We then want to count each occurrence of customers in the row. This can be done by using a function that takes customer names as input, counts how many there are, and returns the result. Simply: function(x) length(x)

Lastly, we want to combine the data from offers with our new transaction matrix. This is done using cbind (column bind) which glues stuff together automagically.

Lots of explanations for 3 lines of code!

#Load Library library(reshape) # Melt transactions, cast offer by customers pivot<-melt(transactions[1:2]) pivot<-(cast(pivot,value~Customer.Last.Name,fill=0,fun.aggregate=function(x) length(x))) # Bind to offers, we remove the first column of our new pivot because it's redundant. pivot<-cbind(offers,pivot[-1]) |

We can output the pivot table into a new CSV file called pivot.

write.csv(file="pivot.csv",pivot)

__Step 2: Clustering__

To cluster the data we will use only the columns starting from “Adams” until “Young”.

We will use the fpc library to run the KMeans algorithm with 4 clusters.

To use the algorithm we will need to rotate the transaction matrix with t().

That’s all you need: 4 lines of code!

# Load library library(fpc) # Only use customer transaction data and we will rotate the matrix cluster.data<-pivot[,8:length(pivot)] cluster.data<-t(cluster.data) # We will run KMeans using pamk (more robust) with 4 clusters. cluster.kmeans<-pamk(cluster.data,k=4) # Use this to view the clusters View(cluster.kmeans$pamobject$clustering) |

__Step 3: Solving for Cluster Centers__

This is not a necessary step in R! Pat yourself on the back, get another cup of tea or coffee and move onto to step 4.

__Step 4: Top deals by clusters__

Top get the top deals we will have to do a little bit of data manipulation. First we need to combine our clusters and transactions. Noteably the lengths of the ‘tables’ holding transactions and clusters are different. So we need a way to merge the data … so we use the merge() function and give our columns sensible names:

#Merge Data cluster.deals<-merge(transactions[1:2],cluster.kmeans$pamobject$clustering,by.x = "Customer.Last.Name", by.y = "row.names") colnames(cluster.deals)<-c("Name","Offer","Cluster") |

We then want to repeat the pivoting process to get Offers in rows and clusters in columns counting the total number of transactions for each cluster. Once we have our pivot table we will merge it with the offers data table like we did before:

# Melt, cast, and bind cluster.pivot<-melt(cluster.deals,id=c("Offer","Cluster")) cluster.pivot<-cast(cluster.pivot,Offer~Cluster,fun.aggregate=length) cluster.topDeals<-cbind(offers,cluster.pivot[-1]) |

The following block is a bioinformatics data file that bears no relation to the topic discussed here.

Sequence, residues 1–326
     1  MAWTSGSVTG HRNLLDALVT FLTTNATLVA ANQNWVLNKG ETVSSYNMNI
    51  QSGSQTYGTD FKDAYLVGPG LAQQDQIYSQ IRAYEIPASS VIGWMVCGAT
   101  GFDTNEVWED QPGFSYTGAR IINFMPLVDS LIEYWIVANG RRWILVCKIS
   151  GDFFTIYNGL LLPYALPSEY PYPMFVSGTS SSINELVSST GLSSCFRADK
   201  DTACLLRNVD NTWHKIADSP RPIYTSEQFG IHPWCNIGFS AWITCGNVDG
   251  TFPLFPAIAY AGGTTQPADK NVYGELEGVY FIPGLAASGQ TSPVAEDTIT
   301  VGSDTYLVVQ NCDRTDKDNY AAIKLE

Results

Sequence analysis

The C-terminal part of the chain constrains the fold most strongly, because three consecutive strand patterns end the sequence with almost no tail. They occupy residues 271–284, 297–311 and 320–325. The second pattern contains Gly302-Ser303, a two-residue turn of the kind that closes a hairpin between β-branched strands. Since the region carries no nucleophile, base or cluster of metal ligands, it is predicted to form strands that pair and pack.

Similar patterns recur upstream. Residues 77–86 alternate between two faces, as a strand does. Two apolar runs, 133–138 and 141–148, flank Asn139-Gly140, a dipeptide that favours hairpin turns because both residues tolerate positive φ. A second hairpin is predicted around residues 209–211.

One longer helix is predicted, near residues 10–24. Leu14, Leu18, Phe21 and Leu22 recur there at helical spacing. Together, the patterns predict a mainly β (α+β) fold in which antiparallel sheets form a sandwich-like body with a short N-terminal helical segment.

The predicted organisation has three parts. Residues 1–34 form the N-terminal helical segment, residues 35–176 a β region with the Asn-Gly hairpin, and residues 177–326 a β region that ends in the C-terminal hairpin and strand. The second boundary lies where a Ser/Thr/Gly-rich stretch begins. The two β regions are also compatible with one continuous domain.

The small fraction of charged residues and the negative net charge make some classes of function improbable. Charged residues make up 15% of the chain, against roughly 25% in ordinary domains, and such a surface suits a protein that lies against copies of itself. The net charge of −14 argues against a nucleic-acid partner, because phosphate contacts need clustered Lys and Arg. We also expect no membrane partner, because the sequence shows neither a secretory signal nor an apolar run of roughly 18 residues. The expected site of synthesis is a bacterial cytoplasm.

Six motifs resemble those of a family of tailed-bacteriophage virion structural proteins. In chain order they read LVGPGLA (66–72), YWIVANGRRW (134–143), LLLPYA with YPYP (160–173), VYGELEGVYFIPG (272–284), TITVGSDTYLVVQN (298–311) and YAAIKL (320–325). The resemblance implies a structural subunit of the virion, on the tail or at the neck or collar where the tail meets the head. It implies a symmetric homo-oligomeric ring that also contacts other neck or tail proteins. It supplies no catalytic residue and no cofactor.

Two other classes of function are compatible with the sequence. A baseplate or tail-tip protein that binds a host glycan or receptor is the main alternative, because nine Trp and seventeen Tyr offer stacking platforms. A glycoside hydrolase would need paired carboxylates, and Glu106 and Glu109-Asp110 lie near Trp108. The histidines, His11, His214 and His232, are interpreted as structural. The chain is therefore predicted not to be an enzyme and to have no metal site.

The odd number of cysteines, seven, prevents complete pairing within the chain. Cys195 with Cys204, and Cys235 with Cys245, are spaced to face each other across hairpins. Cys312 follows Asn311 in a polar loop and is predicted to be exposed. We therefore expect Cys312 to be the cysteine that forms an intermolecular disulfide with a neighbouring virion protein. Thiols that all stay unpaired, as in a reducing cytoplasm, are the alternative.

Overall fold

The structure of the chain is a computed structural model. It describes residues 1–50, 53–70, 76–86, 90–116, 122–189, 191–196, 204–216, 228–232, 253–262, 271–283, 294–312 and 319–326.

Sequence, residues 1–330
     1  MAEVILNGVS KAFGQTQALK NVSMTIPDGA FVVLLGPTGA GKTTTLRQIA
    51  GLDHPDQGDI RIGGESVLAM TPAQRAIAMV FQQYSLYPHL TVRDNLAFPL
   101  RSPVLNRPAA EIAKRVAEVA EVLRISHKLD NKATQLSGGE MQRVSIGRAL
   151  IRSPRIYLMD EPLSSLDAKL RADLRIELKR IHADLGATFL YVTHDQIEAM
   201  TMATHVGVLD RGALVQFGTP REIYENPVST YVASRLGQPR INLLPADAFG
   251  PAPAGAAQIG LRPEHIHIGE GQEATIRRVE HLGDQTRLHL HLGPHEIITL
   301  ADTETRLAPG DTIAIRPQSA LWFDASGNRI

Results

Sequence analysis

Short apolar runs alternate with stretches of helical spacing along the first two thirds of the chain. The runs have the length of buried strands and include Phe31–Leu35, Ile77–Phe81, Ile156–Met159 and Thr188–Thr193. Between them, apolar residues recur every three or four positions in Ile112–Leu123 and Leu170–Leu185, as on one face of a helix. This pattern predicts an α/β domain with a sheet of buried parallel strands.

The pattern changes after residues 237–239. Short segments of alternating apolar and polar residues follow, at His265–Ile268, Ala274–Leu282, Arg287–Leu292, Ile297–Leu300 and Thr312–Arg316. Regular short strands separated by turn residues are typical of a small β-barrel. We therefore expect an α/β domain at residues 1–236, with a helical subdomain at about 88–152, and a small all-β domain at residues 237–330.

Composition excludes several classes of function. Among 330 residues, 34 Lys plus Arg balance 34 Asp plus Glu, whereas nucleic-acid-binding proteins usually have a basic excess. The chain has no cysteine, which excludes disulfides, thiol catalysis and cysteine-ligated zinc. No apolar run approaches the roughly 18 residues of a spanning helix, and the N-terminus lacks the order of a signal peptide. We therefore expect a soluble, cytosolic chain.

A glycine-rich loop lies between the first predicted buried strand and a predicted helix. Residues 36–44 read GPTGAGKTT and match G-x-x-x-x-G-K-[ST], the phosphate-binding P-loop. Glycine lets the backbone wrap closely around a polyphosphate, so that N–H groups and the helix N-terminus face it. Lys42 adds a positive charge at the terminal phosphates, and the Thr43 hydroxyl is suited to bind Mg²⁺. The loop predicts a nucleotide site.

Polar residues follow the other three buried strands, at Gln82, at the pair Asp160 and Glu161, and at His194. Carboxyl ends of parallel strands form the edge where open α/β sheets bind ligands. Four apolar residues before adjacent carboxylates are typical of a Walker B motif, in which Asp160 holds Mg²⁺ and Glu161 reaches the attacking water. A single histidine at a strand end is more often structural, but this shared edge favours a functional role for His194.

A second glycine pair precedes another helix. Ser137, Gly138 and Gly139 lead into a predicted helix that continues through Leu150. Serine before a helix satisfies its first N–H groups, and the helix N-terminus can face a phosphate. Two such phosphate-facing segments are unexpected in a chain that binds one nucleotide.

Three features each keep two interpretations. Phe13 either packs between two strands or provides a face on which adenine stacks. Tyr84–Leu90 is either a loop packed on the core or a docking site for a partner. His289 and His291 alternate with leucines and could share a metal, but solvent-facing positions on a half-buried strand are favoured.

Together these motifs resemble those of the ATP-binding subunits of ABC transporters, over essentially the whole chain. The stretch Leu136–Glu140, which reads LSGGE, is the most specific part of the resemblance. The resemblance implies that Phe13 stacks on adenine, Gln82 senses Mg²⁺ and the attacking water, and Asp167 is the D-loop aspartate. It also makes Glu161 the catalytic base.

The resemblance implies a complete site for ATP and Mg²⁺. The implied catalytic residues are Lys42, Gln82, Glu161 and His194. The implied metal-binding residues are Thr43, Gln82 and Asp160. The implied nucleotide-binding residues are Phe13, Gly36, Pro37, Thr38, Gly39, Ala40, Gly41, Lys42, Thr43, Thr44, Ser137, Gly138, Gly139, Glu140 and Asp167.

We can then reproduce the excel version by writing to a csv file:

write.csv(file="topdeals.csv",cluster.topDeals,row.names=F) |

__Note__

It’s important to note that cluster 1 in excel does not correspond to cluster 1 in R. It’s just the way the algorithms run. Moreover, the allocation of clusters might differ slightly because of the nature of kmeans algorithm. However, your insights will be the same; in R we also see that cluster 3 prefers Pinot Noir and cluster 4 has a strong preference for Offer 22.

__Entire Code__

# Read data offers<-read.csv(file="OfferInformation.csv") transactions<-read.csv(file="Transactions.csv") # Create transaction matrix library(reshape) pivot<-melt(transactions[1:2]) pivot<-(cast(pivot,value~Customer.Last.Name,fill=0,fun.aggregate=function(x) length(x))) pivot<-cbind(offers,pivot[-1]) write.csv(file="pivot.csv",pivot) # Cluster library(fpc) cluster.data<-pivot[,8:length(pivot)] cluster.data<-t(cluster.data) cluster.kmeans<-pamk(cluster.data,k=4) # Merge Data cluster.deals<-merge(transactions[1:2],cluster.kmeans$pamobject$clustering,by.x = "Customer.Last.Name", by.y = "row.names") colnames(cluster.deals)<-c("Name","Offer","Cluster") # Get top deals by cluster cluster.pivot<-melt(cluster.deals,id=c("Offer","Cluster")) cluster.pivot<-cast(cluster.pivot,Offer~Cluster,fun.aggregate=length) cluster.topDeals<-cbind(offers,cluster.pivot[-1]) write.csv(file="topdeals.csv",cluster.topDeals,row.names=F) |

Hello,

While I was going through this tutorial, I just thought of sharing an experience of mine. I recently came across this site,www.jolicharts.com for data visualization and creating charts derived directly from excel sheets.

It was good for me as day to day charting and data presentation was taking way too much of my time..

I hope this info also might help few more of us.

Well no harm in trying it for free..

Excellent post!!

Great Post – Thanks!

Your blog post is simply amazing! You have a gift of explaining data analysis topics with great insights. Thank you.

Manju